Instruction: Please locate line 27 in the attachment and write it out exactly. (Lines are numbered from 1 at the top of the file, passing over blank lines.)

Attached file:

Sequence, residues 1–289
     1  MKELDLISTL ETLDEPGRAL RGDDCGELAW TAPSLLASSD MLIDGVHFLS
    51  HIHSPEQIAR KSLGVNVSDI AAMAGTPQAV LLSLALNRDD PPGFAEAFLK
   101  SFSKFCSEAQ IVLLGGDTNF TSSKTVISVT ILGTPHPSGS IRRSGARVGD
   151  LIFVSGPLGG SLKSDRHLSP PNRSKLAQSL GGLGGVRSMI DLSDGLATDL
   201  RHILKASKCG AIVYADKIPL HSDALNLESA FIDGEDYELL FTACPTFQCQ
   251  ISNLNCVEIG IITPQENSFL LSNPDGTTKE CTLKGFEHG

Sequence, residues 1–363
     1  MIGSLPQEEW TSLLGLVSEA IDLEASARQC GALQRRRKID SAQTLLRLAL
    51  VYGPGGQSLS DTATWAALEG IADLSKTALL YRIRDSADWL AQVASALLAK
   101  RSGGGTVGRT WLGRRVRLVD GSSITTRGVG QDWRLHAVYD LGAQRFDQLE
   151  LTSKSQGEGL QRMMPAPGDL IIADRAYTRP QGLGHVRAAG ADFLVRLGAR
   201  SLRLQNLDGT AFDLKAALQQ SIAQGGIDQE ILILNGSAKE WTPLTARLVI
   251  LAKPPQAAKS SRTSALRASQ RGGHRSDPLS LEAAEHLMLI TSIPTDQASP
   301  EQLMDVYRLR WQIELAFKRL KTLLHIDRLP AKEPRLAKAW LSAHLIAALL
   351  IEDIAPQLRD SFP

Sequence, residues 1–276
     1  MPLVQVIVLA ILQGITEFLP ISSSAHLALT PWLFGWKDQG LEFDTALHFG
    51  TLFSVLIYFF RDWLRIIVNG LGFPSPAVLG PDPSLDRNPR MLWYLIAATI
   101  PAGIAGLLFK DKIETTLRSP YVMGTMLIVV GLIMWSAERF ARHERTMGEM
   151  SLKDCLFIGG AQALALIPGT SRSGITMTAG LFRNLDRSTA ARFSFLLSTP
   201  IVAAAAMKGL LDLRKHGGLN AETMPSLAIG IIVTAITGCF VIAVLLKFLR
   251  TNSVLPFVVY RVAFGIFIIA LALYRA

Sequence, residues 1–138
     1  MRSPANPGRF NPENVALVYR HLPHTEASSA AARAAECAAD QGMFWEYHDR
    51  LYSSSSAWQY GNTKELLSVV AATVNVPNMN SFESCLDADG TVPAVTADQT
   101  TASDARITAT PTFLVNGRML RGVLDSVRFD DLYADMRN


   101  TASDARITAT PTFLVNGRML RGVLDSVRFD DLYADMRN